Most large brands now use search marketing. But what are marketers’ priorities when it comes to search? And what trends do they see on the horizon? 

At Kenshoo, we recently ran a survey with Marketing Week magazine that asked more than 300 marketers from a wide spectrum of industries about their views on search.

Here are some of the things we learned...

1. Mobile search is delivering benefits

Mobile is widely believed to be a key part of the research stage of the decision making process, if not always part of the final sales conversion. 

And 36% of marketers in the survey consider mobile optimised search effective at delivering return on investment, which means they believe it plays an important role in supporting and driving sales.

The importance of mobile is clear in our recently released Online Retail Christmas Shopping Season Report – Early Edition which showed that 15% of all paid search clicks for retailers are coming from tablets and 13% of all clicks are coming from phones.

2. Facebook is viewed as an important web property for search

Facebook is firmly on the radar for marketers when it comes to search. While it will probably not come as any great surprise to learn that nearly all (99%) of the sample said Google was the most important search engine for them, 38% said they consider Facebook important for search marketing.

Since its IPO, Facebook has certainly made overtures to marketers, adding Sponsored Results and real-time bidding in the form of Facebook Exchange

Facebook founder and CEO Mark Zuckerberg has indicated the social network is looking to become far more active and relevant in search going forward, so marketers will be watching this space closely and using tools to manage across both channels.

3. Yahoo! and Bing remain very much in the frame

Google’s dominance for paid search opportunities remains unmatched, but marketers are very much aware of the opportunities available through Bing and Yahoo!, where both use the same underlying Bing search technology.

We found that marketers view Bing (28%) and Yahoo! (23%) as important for their search marketing campaigns, despite the fact that Bing currently commands a relatively small but growing slice of the UK search market. Just 5%, according to Experian Hitwise figures in October 2012.

4. Facebook and Twitter influence search

Search and social have been coming closer together for several years, and it is widely accepted that there is a link between how often and who is sharing links to a web page on social networks and how that page is positioned in search engine ranking pages (SERPS).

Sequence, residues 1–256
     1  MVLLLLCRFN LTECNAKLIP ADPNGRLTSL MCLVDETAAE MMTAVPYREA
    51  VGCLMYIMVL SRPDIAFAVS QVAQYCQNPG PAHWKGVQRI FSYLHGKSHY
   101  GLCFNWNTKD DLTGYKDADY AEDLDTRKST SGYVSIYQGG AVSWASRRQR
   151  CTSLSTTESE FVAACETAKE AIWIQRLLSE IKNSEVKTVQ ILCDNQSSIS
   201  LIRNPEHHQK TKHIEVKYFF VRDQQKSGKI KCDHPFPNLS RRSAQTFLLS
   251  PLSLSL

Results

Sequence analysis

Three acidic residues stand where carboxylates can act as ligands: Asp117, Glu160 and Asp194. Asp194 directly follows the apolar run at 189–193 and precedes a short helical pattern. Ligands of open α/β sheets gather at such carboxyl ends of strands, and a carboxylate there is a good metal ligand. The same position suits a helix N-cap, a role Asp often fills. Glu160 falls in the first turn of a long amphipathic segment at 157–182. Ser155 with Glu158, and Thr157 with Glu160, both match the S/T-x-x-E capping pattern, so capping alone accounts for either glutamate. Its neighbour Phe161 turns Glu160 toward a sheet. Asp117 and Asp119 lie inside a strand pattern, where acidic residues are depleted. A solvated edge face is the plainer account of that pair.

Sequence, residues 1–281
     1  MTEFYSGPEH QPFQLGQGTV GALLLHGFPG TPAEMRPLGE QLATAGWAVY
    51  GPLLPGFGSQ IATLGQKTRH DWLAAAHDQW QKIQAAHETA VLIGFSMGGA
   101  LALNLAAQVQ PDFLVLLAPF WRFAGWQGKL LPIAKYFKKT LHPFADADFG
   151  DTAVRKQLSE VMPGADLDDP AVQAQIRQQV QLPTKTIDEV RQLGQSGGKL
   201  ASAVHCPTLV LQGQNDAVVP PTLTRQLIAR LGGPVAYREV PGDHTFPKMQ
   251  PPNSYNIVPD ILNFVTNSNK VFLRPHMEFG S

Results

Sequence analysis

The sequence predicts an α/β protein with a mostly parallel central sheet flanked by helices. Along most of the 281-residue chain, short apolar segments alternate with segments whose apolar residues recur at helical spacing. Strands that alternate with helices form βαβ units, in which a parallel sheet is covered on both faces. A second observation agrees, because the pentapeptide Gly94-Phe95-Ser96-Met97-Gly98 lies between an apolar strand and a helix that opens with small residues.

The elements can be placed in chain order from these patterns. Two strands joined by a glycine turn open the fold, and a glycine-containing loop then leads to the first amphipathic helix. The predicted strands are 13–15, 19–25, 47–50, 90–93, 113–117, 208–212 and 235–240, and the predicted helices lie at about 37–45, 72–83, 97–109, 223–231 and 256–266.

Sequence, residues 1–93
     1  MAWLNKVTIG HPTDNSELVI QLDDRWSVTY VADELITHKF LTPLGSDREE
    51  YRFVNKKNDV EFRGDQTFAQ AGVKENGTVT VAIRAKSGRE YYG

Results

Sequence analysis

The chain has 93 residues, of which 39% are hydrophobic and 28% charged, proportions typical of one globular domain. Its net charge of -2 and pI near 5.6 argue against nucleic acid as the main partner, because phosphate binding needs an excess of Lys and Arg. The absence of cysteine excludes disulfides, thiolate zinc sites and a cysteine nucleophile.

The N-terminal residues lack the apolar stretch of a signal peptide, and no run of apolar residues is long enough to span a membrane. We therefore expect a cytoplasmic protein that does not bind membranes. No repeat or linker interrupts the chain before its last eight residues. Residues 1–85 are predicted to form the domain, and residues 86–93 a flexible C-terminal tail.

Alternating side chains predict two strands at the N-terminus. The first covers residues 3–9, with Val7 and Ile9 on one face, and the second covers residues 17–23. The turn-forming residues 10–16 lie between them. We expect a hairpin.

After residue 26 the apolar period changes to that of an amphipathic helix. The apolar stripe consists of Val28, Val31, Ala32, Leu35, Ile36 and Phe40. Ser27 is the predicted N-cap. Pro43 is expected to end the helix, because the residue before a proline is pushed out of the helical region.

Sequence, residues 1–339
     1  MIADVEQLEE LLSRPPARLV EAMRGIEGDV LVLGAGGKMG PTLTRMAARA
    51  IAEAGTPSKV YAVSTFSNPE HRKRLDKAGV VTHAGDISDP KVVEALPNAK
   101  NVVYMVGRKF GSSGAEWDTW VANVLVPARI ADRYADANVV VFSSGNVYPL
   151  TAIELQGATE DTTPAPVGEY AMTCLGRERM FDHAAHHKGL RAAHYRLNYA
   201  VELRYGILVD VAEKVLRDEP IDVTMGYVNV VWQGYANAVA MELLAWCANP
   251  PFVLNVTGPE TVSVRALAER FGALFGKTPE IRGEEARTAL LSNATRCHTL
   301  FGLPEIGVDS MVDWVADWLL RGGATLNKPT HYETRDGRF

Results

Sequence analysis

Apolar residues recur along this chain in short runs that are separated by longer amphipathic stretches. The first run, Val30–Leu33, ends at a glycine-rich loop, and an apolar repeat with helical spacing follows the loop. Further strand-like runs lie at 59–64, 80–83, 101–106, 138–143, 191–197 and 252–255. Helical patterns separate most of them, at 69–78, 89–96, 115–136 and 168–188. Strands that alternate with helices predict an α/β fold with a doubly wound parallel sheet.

The marketers in the poll said they believe Facebook (74%) and Twitter (70%) will have the strongest influence on organic search.   Google+ (37%) took fourth place behind LinkedIn (39%), but with the effort and resources that Google is placing behind its own social network, don’t be surprised if its influence increases during 2013.

You can download the report here: Search Marketing: What UK Marketers Really Think.


Published 20 December, 2012 by Chris Ward

Chris Ward is Managing Director of Kenshoo and a contributor to Econsultancy.

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Comments (3)


Jack Jarvis, Owner at The Website Review Company

1. Search will be dominated by big brands in 2013 as they take both paid and natural search more seriously.

2. Google will remain king for consumers. They have even coined the term 'Google it', so Bing and Yahoo just don't give reason to switch.

3. Costs will rise. With paid shopping results on search pages due in February, competition for the top spots will get fiercer so CPC's will rise at the same time.

over 5 years ago


Nick Stamoulis

"Mobile is widely believed to be a key part of the research stage of the decision making process, if not always part of the final sales conversion."

I definitely agree with that. Customers are taking the buying cycle into their own hands and educating themselves long before they ever become a lead in your funnel. Mobile devices are a great way to research, compare, learn and gather information.

over 5 years ago

Gemma Holloway

Gemma Holloway, Digital Marketing Executive at Koozai

I was surprised about the percentage of marketers to place as much importance on Bing and Yahoo in their search marketing.

Whilst I would suggest that the resource you invest into a search engine should be proportionate to the potential market you could reach via it, I would agree that Bing and Yahoo do still need to be addressed.

As Bing's market share continues to grow so will the competition for first place rankings, I would predict that those who are starting the race early are going to be the ones to be ahead of the game and reap the rewards in the future.

I would also argue that Google Plus already has a very strong influence in search engine results as we increasingly see Google Plus pages and Authors appearing in the them.

over 5 years ago

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